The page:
their oldest vestments, and rent them, and put clouted
shoes on their feet, in like manner as the children of
Gibeon when they made an ambassade to Joshua ; for
they desired to shew how they were oppressed and
impoverished by their burdens.

How Sir Arthur de Balfour caused a Bill to be drafted, and how
the governance carried it through Parliament.

Now the governance of the Blues had ever been
minded to favour the Bishops and clergy, as I have
herebefore shewed you, and indeed they had often

IO4 Froissart's Modern Chronicles

done so. But they could not do all they would, for
the Buffs withstood them stoutly in this matter, saying
that it was not just to favour the Church more than
any other sect.


And so when the governance had aviewed the
petitions which the Bishops brought to them, they
agreed that they would accord thereto, saying, "It may

The Church Schools Bill 105

never again fortune us to be so puissant as the
business of the war and the discomforts of the Buffs
have made us in this present season. Therefore let
us reward those who have been our friends whilst
we have the power."

And it was in this wise that Sir Arthur de Balfour,
howbeit he was not covetise of overtravail, set himself
to devise how the people might be made to pay for
the Church schools, and yet that the control over
them should not be taken away from the Church.

Now there was in the governance a certain knight,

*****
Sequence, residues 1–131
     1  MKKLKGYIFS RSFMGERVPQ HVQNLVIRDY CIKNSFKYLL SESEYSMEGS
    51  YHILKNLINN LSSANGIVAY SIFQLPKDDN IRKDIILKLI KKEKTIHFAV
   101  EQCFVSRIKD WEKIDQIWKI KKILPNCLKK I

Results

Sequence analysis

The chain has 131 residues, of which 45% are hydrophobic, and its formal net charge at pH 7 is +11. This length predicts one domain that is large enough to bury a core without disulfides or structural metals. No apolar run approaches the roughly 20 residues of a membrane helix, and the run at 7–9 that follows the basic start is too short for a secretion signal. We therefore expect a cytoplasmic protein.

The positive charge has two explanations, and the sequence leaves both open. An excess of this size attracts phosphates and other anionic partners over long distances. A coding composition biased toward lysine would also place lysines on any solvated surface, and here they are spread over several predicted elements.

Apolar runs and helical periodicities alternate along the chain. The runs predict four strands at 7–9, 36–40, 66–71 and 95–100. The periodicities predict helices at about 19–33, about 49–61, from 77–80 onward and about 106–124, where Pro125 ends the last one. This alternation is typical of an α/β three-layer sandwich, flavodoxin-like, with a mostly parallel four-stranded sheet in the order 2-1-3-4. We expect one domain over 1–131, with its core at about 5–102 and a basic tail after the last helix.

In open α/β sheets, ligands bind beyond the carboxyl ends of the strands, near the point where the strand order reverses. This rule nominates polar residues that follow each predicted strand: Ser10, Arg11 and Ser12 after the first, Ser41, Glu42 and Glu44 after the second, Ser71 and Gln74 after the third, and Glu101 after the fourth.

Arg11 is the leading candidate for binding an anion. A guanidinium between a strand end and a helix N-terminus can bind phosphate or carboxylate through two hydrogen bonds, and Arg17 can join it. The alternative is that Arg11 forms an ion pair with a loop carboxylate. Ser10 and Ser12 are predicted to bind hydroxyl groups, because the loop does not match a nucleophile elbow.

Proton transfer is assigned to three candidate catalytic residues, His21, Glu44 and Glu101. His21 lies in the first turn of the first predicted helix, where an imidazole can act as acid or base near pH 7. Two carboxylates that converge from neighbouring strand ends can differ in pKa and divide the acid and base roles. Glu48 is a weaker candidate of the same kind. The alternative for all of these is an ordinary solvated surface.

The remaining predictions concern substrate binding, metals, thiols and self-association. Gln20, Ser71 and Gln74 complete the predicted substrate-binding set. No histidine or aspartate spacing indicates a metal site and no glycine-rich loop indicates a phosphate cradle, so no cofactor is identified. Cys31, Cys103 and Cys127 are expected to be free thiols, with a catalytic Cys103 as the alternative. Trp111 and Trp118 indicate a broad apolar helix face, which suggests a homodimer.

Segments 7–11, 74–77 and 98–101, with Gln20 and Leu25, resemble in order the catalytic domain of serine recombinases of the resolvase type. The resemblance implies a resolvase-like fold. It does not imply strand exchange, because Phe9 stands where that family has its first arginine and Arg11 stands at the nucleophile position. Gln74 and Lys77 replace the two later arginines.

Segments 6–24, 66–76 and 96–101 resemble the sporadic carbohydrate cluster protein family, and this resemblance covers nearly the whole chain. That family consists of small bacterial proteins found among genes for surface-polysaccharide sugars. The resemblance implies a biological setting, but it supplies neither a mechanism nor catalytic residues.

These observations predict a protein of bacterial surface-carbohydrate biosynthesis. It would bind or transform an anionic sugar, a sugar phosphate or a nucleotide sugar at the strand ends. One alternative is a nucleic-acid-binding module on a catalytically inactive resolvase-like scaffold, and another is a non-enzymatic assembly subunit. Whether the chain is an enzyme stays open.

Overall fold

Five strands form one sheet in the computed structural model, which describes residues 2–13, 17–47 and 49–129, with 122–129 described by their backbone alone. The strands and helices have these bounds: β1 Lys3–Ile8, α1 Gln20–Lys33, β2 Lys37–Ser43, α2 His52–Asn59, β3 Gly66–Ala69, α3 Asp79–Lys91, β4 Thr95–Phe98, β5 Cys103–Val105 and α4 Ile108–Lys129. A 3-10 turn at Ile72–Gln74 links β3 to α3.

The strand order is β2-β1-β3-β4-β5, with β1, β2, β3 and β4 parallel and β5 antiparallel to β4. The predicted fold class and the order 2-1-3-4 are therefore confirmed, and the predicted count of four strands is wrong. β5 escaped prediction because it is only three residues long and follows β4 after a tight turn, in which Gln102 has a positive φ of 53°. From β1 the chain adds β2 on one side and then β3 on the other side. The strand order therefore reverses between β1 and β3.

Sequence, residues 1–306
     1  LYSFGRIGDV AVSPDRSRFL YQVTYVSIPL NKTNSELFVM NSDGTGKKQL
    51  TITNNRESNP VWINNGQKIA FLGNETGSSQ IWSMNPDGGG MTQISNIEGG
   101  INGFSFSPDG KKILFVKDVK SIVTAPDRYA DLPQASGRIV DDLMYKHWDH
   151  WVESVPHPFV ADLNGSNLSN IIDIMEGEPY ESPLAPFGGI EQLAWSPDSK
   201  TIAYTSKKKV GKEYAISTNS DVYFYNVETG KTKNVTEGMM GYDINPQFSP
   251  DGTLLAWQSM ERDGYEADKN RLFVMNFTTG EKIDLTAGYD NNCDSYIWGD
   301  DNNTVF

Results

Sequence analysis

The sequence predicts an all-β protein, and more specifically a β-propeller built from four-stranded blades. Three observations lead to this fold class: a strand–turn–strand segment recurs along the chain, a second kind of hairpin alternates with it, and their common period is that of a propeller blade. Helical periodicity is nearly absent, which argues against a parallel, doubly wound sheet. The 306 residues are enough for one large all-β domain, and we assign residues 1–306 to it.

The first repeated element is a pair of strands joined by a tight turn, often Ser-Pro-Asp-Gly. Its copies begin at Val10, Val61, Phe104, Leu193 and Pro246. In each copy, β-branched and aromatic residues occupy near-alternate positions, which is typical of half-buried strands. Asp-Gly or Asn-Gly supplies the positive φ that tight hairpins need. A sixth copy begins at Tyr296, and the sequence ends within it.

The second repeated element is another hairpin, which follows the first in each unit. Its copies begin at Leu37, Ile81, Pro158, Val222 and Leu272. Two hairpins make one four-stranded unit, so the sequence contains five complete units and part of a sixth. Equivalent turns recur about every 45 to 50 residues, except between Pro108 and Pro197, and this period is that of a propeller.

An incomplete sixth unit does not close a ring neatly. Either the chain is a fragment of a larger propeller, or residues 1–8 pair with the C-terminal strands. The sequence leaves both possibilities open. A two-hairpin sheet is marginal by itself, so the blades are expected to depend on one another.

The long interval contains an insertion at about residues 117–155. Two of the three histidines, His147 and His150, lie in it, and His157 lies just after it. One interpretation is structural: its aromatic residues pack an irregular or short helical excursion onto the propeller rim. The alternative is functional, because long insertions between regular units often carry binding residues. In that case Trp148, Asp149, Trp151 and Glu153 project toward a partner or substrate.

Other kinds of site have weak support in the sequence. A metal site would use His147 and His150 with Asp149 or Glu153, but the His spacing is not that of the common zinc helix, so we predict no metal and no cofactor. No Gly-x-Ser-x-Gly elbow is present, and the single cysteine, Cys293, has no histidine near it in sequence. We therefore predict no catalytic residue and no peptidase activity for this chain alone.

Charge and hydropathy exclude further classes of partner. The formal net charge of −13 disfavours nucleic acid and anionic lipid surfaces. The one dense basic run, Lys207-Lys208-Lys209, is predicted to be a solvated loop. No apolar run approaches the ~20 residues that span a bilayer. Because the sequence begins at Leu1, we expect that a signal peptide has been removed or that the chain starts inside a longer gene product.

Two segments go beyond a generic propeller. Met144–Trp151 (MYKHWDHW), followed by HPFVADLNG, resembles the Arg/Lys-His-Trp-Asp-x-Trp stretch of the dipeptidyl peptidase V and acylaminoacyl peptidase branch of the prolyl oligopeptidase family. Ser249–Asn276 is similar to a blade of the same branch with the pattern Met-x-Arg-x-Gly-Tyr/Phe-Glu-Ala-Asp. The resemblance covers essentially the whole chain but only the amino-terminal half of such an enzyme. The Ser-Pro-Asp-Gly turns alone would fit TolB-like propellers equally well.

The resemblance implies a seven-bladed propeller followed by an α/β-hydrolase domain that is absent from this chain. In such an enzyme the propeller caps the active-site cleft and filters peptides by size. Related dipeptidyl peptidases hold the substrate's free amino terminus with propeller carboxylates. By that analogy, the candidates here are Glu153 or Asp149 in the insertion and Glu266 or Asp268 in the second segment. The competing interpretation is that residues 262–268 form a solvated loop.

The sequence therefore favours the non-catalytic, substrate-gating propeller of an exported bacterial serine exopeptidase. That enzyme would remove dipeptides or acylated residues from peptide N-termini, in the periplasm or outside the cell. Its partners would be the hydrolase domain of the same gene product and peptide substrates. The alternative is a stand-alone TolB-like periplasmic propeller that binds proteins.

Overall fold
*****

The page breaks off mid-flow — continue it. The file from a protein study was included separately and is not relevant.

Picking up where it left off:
Sir Jonah Gorst, whose business it was to see to the
schools. He was a man of wisdom in counsel, but
contrarious, and, whether by reason of his making
himself displeasant, or in what wise I know not, he
was cast overboard out of the ship, and another
counsellor was appointed in his place to draft a Bill
and to advise Sir Arthur de Balfour.

It w r ould take me too long a time to set down all
the disputations over this matter of the Education Bill
in Parliament, even indeed if I rightly comprehended
the true foundation of the business, which no man
doth, I trow.

It hath been shewed me, and I well believe it,
that the Blues and the Buffs could not in any wise
agree, and those who fought against the Bill, among
whom Sir James de Bryce did his devoir with valiant-

106 Froissart's Modern Chronicles


(Education Records,}
ness, resisted so stoutly that it was not until the

The Church Schools Bill


middle of the last month of the year that the govern-
ance were able to make an end of the matter. It hath
also been told me that they would not have achieved
their purpose even then if Sir Arthur de Balfour had
not in the autumn of this same year hastened the


business by ever and anon seizing upon the Buffs in the
Commons, and shutting them up in compartments whence
they could neither escape nor make their voices heard.

The Buffs were greatly angered at this, declaring
that they had been cruelly ill-treated and gagged.

io8 Froissart's Modern Chronicles

There were some also on the side of the Blues
who did not accord with all that Sir Arthur de Balfour